However, we need not determine whether the evidence was admissible because, even assuming error arguendo, Defendant has failed to show that the admission of the evidence resulted in a miscarriage of justice or denied Defendant a fair trial. See Odom, 307 N.C. at 660, 300 S.E.2d at 378. In light of the overwhelming evidence of Defendant's guilt, including his identity as the shooter, as recited above in section IV.A., we do not conclude that absent admission of the evidence, the jury probably would have reached a different result. Walker, 316 N.C. at 39, 340 S.E.2d at 83. Accordingly, we discern no plain error.
Defendant next argues that the sentence imposed by the trial court was not supported by the jury's verdict. Defendant specifically contends that the general verdict of guilty of second-degree murder was ambiguous for sentencing purposes, and because there was evidence in this case of depraved-heart malice, the trial court erred by imposing a sentence for a class B1 offense. Defendant urges this Court to remand the case for resentencing as a B2 offense.
“We review de novo whether a sentence imposed was authorized by a jury's verdict.” State v. Mosley, 806 S.E.2d 365, 367 (N.C. Ct. App. 2017) (internal quotation marks and citations omitted).
Second-degree murder is the unlawful killing of another human being with malice but without premeditation or deliberation. State v. Coble, 351 N.C. 448, 449, 527 S.E.2d 45, 47 (2000) (internal citation omitted).
Malice is an essential element of second-degree murder. North Carolina recognizes at least three malice theories: (1) express hatred, ill-will or spite; (2) commission of inherently dangerous acts in such a reckless and wanton manner as to manifest a mind utterly without regard for human life and social duty and deliberately bent on mischief; or (3) a condition of mind which prompts a person to take the life of another intentionally without just cause, excuse, or justification.
Mosley, 806 S.E.2d at 367 (internal quotation marks and citations omitted). The second enumerated malice theory is known as depraved-heart malice. Id. While second-degree murder is generally punished as Class B1 felony, when the malice necessary to prove second degree murder is depraved-heart malice,1 a second-degree murder is punished as a Class B2 felony. N.C. Gen. Stat. § 14-17(b)(1) (2017).
In State v. Lail, this Court held that the trial court did not err by sentencing defendant as a B1 felon upon a general verdict of guilty of second-degree murder where there was no evidence presented that would support a finding of depraved-heart malice or an instruction on that theory. 251 N.C. App. 463, 476, 795 S.E.2d 401, 411 (2017). Moreover, the defendant did not rebut the State's malice theory, advance a depraved-heart malice theory argument, or request a jury instruction on depraved-heart malice. Id. at 475, 795 S.E.2d at 410. “Although the jury was not instructed to answer under what malice theory it convicted defendant of second-degree murder, it [wa]s readily apparent from the evidence presented and instructions given that the jury, by their verdict, found defendant guilty of B1 second-degree murder.” Id. See also Mosley, 806 S.E.2d at 368-69 (holding that a general verdict of guilty of second-degree murder was ambiguous and thus should be construed in favor of defendant as consistent with § 14-17(b)(1) because there was not only evidence supporting Class B1 malice but also evidence from which the jury could have found Class B2 depraved-heart malice).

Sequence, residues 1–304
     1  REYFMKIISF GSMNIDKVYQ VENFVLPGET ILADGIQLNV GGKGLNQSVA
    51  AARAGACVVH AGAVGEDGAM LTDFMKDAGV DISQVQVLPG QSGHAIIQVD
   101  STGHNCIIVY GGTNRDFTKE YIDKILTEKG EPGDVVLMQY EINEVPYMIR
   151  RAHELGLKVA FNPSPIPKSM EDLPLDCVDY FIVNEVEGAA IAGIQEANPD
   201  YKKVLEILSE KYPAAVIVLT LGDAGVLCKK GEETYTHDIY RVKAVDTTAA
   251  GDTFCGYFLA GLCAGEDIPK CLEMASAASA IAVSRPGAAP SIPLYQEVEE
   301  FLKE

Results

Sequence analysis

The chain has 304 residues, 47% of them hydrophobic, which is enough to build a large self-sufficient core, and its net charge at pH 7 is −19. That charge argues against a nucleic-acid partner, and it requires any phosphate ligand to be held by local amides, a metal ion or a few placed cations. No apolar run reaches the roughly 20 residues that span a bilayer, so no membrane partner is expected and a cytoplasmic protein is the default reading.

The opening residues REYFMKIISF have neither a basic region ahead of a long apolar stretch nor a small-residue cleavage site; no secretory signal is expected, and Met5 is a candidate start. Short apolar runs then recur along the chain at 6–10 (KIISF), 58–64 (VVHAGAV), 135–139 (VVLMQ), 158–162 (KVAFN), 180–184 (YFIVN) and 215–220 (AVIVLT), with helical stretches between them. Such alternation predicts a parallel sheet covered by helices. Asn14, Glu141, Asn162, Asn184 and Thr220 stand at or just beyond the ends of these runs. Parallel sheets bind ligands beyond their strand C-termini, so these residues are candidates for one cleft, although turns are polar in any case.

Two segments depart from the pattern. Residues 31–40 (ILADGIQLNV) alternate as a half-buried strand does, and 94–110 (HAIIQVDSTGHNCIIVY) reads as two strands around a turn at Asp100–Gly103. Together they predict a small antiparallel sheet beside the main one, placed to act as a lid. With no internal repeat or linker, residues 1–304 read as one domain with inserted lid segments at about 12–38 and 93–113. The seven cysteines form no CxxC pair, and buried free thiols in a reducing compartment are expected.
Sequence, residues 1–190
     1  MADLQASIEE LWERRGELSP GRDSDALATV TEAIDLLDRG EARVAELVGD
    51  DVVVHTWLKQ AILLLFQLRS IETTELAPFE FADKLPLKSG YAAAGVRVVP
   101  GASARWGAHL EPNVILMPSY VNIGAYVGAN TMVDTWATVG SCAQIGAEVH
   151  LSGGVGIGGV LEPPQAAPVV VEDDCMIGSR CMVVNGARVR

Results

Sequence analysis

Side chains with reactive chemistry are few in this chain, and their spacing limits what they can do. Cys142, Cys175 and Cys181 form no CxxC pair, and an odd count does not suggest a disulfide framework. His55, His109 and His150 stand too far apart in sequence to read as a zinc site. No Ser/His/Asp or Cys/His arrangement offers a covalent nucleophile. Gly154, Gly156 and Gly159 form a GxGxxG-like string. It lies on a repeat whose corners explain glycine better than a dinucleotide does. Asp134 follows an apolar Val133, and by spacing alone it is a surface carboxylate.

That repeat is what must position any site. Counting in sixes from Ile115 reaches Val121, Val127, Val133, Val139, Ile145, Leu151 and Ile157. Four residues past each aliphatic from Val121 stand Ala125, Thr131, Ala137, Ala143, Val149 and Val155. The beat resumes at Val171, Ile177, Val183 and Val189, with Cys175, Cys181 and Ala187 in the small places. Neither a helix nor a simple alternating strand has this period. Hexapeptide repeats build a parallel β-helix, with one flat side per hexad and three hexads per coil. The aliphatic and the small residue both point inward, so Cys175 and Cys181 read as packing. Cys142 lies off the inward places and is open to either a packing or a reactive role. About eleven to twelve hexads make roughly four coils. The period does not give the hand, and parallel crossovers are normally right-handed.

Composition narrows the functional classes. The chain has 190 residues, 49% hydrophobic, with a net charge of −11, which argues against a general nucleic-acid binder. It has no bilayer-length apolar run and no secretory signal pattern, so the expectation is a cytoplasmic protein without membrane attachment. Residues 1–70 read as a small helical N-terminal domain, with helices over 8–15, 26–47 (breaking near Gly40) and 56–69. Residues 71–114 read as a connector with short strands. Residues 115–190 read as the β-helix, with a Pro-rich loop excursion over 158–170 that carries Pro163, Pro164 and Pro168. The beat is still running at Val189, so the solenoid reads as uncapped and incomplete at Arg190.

The present case is analogous to Lail. The State's theory was that Defendant intended to kill people at the basketball court, and the State's evidence supported only malice theories punishable as B1 felonies. The jury was only instructed on malice theories punishable as B1 felonies; Defendant did not object to the jury instructions and did not request an instruction on depraved-heart malice. Moreover, Defendant did not advance a depraved-heart malice theory argument or present evidence that would be consistent with a depraved-heart malice theory. See Lail, 251 N.C. App. at 475, 795 S.E.2d at 410. “Although the jury was not instructed to answer under what malice theory it convicted defendant of second-degree murder, it [wa]s readily apparent from the evidence presented and instructions given that the jury, by their verdict, found defendant guilty of B1 second-degree murder.” Id. Accordingly, the sentence imposed for a B1 offense was properly supported by the jury's verdict.
D. Prior Record Level
Defendant argues that his stipulation on the prior record level worksheet was insufficient to support the trial court's legal conclusion that Defendant was a prior record level IV offender with ten felony sentencing points. Defendant urges this Court to remand the case to the trial court for sentencing as a Level III offender.